We sought to determine the differential prognosis of patients with a normal single-photon emission computed tomographic (SPECT) perfusion study by type of stress modality. Even with a normal SPECT perfusion study, patients selected for adenosine stress have a worse survival than those selected for exercise stress. In patients who are able, low-level treadmill exercise is commonly performed during adenosine infusion ("walking" adenosine). The adjusted differential prognosis of patients performing walking adenosine is unknown. Our historical cohort underwent adenosine or treadmill stress with SPECT imaging during 2003 and 2004. Adenosine studies were classified as walking or adenosine only (no low-level exercise). Patients with an abnormal single-photon emission computed tomogram or missing demographic information were excluded. All-cause mortality was determined through July 2008. In total 3,479 patients were included, of which 1,451 (41.7%) were stressed with adenosine only, 201 (5.8%) with walking adenosine, and 1,827 (52.5%) with treadmill exercise. Over an average of 4.3 ± 1.0 years of follow-up, 307 (8.8%) died. Mortality was greatest for adenosine only, intermediate for walking adenosine, and least for exercise (p <0.001 by log-rank test), even after accounting for covariates (adjusted hazard ratio for walking adenosine 0.57, p = 0.044). In conclusion, patients with a normal SPECT perfusion scan who are able to undergo an adenosine protocol in conjunction with exercise have an intermediate prognosis between those who cannot perform low-level exercise and patients able to undergo full treadmill exercise. This differential survival remains significant after adjustment, perhaps because of differences in baseline functional capacity.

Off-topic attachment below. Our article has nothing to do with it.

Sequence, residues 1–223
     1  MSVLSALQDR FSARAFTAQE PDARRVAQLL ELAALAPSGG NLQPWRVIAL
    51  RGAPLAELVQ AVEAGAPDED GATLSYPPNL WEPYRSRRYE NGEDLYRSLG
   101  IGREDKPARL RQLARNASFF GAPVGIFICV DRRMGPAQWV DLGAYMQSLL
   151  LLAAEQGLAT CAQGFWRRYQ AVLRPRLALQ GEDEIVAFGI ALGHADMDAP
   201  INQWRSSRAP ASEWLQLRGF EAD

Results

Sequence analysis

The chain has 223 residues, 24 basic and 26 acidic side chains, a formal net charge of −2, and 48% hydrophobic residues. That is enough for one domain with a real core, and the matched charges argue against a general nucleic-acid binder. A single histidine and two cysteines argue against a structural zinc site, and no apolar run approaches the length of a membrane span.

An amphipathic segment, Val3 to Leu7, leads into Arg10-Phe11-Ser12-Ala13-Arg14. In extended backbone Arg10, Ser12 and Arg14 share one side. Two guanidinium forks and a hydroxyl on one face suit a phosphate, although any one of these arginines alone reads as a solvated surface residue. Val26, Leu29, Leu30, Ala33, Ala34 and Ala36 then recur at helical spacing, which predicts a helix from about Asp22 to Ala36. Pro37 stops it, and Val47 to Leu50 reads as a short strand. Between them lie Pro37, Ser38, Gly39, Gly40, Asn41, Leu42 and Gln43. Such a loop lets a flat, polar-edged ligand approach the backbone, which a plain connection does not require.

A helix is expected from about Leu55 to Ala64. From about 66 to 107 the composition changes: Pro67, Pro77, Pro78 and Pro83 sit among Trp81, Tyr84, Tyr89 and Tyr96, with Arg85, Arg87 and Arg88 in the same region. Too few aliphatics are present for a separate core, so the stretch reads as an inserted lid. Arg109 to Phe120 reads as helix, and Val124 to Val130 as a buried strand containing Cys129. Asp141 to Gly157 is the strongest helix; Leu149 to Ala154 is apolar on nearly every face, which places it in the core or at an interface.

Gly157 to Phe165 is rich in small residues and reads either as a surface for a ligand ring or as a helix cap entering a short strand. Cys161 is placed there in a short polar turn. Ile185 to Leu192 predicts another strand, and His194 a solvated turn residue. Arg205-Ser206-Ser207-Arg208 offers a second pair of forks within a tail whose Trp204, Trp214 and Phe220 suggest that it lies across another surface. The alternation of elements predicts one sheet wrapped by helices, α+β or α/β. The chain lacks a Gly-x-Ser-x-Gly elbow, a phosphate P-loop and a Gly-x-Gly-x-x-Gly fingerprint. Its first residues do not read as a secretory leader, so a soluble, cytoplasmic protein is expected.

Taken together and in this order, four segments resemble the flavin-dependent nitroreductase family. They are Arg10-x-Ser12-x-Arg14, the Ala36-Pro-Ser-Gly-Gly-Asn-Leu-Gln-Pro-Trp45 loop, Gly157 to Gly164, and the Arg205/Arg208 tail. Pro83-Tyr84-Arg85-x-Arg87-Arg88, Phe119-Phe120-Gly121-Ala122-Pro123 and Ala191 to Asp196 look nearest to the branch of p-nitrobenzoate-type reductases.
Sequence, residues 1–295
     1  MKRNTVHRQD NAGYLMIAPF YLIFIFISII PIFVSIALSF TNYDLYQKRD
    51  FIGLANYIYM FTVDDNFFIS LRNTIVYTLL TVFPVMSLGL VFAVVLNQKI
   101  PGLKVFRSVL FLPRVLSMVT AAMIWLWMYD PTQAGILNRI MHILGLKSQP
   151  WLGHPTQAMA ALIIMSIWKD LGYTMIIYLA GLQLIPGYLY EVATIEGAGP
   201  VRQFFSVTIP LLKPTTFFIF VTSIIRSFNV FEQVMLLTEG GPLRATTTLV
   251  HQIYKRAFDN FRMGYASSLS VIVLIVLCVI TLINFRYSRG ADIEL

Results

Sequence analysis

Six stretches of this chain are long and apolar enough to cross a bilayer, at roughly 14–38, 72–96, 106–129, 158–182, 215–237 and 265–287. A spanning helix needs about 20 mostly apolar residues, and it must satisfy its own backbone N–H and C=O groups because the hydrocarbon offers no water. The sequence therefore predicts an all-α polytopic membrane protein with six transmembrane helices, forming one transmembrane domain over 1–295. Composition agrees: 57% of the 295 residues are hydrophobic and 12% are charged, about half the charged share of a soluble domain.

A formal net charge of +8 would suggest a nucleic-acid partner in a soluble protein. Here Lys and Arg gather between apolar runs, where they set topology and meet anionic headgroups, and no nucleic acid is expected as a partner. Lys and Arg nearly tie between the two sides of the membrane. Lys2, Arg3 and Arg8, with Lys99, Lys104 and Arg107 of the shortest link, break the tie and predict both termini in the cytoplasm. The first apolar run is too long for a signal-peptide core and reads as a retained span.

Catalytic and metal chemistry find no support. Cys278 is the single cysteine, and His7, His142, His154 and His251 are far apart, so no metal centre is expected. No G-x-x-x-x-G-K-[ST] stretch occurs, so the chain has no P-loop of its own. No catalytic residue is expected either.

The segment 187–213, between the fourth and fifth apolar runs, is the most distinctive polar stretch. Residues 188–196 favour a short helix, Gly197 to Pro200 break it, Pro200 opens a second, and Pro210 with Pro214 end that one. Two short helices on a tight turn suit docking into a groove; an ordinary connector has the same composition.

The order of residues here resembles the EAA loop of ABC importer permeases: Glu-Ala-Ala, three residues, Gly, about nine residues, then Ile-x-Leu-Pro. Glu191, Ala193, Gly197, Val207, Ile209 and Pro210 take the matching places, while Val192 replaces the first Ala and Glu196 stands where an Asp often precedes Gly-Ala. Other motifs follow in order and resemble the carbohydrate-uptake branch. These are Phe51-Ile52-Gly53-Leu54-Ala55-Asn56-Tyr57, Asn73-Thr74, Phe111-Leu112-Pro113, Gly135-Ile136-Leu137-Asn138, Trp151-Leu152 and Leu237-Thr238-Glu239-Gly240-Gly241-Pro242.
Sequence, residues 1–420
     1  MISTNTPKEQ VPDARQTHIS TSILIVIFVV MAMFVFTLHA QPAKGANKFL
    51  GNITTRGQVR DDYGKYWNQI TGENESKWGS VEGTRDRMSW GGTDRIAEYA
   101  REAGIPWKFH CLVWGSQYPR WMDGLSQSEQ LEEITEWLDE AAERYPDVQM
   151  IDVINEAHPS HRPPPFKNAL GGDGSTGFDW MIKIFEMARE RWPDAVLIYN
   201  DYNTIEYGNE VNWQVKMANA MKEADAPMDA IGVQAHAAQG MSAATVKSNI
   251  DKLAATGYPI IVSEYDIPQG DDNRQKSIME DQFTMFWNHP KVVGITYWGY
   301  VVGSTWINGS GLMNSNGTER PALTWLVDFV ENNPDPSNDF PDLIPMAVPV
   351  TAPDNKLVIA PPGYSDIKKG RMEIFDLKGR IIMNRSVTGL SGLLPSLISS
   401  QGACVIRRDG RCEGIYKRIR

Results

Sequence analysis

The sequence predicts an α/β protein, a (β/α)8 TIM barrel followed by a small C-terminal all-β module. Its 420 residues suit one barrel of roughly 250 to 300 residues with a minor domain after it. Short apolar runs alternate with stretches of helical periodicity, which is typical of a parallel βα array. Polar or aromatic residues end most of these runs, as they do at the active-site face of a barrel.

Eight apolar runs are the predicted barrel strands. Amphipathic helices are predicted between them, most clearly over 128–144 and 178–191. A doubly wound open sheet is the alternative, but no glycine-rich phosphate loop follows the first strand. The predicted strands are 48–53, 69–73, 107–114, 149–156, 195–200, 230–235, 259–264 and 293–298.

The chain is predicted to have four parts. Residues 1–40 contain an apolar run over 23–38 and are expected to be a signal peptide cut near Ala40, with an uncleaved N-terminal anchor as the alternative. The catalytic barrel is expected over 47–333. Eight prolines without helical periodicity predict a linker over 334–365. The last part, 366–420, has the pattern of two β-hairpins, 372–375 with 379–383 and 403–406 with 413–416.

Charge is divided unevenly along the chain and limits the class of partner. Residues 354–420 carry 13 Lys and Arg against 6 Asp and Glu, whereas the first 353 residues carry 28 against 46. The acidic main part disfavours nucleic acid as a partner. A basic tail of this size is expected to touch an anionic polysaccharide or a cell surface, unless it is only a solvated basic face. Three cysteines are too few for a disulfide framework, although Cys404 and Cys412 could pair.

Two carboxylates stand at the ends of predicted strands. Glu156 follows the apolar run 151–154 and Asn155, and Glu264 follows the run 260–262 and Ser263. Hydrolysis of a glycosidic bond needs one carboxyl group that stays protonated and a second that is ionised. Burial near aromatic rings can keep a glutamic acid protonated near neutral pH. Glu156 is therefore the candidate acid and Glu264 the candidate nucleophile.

ASJC Scopus subject areas
- Cardiology and Cardiovascular Medicine